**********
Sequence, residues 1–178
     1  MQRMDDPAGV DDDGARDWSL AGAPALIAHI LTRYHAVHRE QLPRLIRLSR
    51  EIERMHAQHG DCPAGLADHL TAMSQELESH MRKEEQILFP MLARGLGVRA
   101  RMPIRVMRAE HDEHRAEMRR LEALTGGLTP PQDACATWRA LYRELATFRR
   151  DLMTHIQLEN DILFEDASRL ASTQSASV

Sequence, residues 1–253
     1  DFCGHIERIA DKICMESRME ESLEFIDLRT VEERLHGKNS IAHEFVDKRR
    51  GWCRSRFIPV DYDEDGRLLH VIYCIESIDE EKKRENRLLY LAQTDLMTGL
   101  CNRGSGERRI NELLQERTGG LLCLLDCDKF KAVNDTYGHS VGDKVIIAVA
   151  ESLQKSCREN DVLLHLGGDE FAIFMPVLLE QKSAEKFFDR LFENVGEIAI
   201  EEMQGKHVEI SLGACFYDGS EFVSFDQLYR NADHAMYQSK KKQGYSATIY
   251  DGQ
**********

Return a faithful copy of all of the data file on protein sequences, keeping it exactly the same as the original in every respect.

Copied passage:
Sequence, residues 1–178
     1  MQRMDDPAGV DDDGARDWSL AGAPALIAHI LTRYHAVHRE QLPRLIRLSR
    51  EIERMHAQHG DCPAGLADHL TAMSQELESH MRKEEQILFP MLARGLGVRA
   101  RMPIRVMRAE HDEHRAEMRR LEALTGGLTP PQDACATWRA LYRELATFRR
   151  DLMTHIQLEN DILFEDASRL ASTQSASV

Sequence, residues 1–253
     1  DFCGHIERIA DKICMESRME ESLEFIDLRT VEERLHGKNS IAHEFVDKRR
    51  GWCRSRFIPV DYDEDGRLLH VIYCIESIDE EKKRENRLLY LAQTDLMTGL
   101  CNRGSGERRI NELLQERTGG LLCLLDCDKF KAVNDTYGHS VGDKVIIAVA
   151  ESLQKSCREN DVLLHLGGDE FAIFMPVLLE QKSAEKFFDR LFENVGEIAI
   201  EEMQGKHVEI SLGACFYDGS EFVSFDQLYR NADHAMYQSK KKQGYSATIY
   251  DGQ